The image above shows extensive cerebral white matter hyperintensities (WMH). We commonly call this “microvascular disease” with the notion, implicit or explicit, that they are caused by the usual vascular risk factors of hypertension, diabetes, dyslipidemia, etc. This past January, Dr. Joanna Wardlaw, receiving the the William M. Feinberg Award for Excellence in Clinical Stroke, delivered a very interesting lecture arguing against this. Citing evidence that less than 2% of the variance in WMH burden is attributable to the usual risk factors, she advanced several other possibilities. One is that the findings are due to blood-brain barrier disruption, allowing water to leak into the perivascular space. Other associations / possible contributing factors include increased arterial pulse pressure and decreased vascular reactivity. She goes on to show that the lesions aren’t always permanent and she describes some promising treatment modalities.
It’s an informative article, and I recommend it in particular because it forces us to get back to basics in a few ways. First, this common and sometimes vexing problem of WMH serves as a reminder that clinical, radiological, and pathological diagnoses are not identical. A stroke is a clinical event. A focus of restricted water diffusion (high DWI signal) is a radiological finding. An infarct is a pathological finding. Conflating these, such as by saying, “We saw the stroke on MRI”, can lead to misdiagnosis, since not everything that appears bright on DWI is an infarct. And even if the lesion seen on MRI is an infarct, it may or may not be the cause of the patient’s presenting symptoms. That’s why residency training programs (should) emphasize the traditional neurological formulation: First, frame the problem succinctly (e.g., “This is an elderly woman presenting with the sudden onset of left hemiparesis”). Second, localize the lesion. Third, develop a differential diagnosis. Having the formulation clearly in mind will guide both the selection and the interpretation of imaging and other diagnostic testing.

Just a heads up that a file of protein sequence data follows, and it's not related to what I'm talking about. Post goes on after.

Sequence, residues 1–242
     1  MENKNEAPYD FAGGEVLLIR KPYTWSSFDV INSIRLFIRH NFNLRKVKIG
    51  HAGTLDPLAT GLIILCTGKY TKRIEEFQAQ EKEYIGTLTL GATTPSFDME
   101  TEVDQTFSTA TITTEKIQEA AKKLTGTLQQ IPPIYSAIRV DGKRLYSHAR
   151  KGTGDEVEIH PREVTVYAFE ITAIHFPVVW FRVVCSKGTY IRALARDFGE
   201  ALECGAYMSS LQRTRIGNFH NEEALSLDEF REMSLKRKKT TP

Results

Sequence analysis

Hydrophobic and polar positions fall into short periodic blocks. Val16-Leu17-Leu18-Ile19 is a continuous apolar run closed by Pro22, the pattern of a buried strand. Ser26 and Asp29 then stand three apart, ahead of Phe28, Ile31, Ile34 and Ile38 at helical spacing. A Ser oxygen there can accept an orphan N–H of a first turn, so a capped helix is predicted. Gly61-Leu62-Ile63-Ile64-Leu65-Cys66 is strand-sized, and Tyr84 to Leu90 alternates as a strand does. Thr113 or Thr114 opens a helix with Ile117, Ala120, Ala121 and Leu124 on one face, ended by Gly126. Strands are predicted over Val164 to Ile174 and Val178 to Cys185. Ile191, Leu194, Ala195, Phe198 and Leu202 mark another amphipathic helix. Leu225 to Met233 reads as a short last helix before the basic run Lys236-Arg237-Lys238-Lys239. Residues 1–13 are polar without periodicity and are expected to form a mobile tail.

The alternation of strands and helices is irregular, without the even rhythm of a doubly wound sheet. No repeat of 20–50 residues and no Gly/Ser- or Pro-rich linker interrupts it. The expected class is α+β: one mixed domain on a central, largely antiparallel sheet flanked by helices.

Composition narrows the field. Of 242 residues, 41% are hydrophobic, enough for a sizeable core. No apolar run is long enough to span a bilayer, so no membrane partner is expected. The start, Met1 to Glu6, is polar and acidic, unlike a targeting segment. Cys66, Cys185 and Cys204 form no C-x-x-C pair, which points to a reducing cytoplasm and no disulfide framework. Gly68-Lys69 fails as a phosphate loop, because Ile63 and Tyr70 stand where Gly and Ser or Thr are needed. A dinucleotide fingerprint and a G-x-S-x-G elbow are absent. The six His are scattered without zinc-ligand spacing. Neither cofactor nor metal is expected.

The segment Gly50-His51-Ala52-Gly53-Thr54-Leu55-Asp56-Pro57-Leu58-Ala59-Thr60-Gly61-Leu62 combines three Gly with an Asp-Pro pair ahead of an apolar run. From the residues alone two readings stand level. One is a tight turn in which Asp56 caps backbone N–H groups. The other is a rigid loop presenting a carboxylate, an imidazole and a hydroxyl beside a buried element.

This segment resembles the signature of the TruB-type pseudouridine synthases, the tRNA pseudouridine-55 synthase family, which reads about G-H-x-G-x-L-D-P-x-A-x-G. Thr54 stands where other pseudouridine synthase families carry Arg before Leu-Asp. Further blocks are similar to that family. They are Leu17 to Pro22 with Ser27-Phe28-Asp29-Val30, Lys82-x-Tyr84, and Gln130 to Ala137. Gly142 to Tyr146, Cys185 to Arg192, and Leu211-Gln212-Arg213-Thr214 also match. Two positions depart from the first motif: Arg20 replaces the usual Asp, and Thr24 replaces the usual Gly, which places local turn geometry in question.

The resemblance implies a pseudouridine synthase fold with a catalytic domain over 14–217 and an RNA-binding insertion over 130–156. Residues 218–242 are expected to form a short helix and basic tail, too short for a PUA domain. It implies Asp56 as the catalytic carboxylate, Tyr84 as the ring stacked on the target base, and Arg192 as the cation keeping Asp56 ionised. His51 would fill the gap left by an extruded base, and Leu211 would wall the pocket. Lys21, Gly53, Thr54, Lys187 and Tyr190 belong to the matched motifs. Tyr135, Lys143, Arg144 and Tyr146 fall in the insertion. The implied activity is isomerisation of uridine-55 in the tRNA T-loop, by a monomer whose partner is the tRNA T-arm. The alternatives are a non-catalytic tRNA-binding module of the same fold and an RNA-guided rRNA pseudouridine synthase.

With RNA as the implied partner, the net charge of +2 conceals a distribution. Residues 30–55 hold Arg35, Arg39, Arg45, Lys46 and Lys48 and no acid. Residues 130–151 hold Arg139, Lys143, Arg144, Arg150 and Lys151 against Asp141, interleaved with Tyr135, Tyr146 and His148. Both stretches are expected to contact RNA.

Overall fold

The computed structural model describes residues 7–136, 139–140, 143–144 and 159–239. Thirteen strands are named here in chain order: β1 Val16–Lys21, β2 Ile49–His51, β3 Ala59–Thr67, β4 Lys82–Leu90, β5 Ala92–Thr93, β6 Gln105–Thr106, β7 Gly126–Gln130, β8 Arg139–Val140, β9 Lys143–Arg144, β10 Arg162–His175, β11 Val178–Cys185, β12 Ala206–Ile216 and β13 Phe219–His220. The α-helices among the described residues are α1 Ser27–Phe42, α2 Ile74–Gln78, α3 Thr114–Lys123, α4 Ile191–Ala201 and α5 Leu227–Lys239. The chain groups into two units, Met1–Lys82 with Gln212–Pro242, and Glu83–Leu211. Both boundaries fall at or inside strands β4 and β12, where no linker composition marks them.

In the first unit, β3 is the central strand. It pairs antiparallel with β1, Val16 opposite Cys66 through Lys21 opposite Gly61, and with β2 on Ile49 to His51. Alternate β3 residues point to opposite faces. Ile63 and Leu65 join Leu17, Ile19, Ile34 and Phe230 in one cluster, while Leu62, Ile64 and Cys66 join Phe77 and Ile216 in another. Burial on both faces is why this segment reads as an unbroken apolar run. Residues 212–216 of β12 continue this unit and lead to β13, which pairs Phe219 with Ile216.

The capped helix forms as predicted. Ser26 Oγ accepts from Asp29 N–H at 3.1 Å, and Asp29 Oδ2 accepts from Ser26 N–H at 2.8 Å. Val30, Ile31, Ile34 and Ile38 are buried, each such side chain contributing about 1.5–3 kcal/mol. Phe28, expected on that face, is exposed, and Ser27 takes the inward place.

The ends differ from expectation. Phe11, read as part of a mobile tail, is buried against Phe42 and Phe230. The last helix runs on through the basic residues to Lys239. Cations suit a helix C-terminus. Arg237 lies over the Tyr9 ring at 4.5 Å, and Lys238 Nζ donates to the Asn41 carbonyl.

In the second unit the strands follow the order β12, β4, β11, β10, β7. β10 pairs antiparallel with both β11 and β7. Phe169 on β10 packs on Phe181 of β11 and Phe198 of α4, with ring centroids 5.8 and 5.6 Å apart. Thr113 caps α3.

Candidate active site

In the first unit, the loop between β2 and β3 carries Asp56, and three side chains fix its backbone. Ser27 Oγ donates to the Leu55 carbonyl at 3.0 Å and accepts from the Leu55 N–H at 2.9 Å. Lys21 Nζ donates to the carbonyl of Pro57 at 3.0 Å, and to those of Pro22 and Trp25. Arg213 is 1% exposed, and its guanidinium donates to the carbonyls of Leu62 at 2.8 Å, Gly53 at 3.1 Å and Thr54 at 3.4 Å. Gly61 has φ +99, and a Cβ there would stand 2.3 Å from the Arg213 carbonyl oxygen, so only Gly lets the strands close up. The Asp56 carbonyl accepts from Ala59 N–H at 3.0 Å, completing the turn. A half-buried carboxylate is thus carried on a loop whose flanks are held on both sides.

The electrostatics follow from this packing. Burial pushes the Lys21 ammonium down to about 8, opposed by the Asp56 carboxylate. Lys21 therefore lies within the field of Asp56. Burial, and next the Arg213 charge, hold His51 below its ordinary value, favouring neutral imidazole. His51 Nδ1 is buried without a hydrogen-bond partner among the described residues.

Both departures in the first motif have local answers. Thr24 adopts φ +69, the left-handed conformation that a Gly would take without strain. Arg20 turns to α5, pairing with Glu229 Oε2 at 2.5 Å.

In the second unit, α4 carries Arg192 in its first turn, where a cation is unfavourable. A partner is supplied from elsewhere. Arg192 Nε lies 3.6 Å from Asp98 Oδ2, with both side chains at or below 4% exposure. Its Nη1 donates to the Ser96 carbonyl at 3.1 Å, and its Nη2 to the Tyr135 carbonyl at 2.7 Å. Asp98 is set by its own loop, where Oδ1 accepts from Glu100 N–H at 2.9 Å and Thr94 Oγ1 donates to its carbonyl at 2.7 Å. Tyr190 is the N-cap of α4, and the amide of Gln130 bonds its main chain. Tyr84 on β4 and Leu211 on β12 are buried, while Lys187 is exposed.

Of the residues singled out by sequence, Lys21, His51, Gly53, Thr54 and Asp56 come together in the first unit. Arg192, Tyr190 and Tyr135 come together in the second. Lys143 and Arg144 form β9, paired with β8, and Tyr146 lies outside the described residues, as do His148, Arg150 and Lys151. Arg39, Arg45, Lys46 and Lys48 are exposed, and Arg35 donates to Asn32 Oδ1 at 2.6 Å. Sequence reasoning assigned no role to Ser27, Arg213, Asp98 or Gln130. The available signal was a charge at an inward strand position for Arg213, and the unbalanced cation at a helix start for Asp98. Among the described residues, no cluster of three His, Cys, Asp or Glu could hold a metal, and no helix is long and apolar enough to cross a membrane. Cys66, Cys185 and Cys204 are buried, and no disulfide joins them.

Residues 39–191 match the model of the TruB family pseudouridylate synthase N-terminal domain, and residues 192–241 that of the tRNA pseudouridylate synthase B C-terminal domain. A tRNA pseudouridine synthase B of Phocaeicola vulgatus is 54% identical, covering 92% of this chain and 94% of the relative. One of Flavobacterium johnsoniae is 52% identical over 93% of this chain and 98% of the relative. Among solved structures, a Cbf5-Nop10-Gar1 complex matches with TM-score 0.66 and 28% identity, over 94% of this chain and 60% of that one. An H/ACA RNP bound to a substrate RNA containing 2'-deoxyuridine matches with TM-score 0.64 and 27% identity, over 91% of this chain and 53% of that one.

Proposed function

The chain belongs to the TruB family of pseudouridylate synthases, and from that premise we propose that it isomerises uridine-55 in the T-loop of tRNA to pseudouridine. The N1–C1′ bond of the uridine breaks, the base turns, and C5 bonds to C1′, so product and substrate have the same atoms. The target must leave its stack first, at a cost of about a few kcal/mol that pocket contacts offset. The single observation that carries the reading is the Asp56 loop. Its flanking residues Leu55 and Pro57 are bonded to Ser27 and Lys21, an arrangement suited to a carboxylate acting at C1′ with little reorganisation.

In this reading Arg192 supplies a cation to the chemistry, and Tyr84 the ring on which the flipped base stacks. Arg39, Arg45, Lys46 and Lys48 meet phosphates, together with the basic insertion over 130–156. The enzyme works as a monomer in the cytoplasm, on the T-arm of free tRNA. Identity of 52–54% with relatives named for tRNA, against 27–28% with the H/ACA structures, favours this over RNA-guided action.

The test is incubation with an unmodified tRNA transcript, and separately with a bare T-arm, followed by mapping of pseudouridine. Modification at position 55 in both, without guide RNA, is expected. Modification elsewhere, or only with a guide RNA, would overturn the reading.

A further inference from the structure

Further, Dr. Wardlaw’s paper provides an impetus to review the classic literature on the subject of microvascular disease. As she states in her talk, “Reading original observations is always valuable because subsequent interpretations may drift from the original over time”. In this case, the must-read papers are by C. Miller Fisher, who, in the 1950s and 1960s, painstakingly made thousands upon thousands of ~ 10 micron thick sections of autopsied brains, starting at the “softening” (lacunar infarct) and tracing the feeding vessel back to find the point of occlusion. One was not always apparent (present in 45/50 lesions in his classic, “The Arterial Lesions Underlying Lacunes“). Most occlusions were caused by what he termed “segmental arterial disorganization”, and he noted that “Others have termed this condition hyalinosis, angionecrosis with aneurysm formation, plasmatic destruction, fibrinoid necrosis, fibrinoid arteritis, etc.” It’s a great paper–I highly recommend it.
Other classics by Fisher include: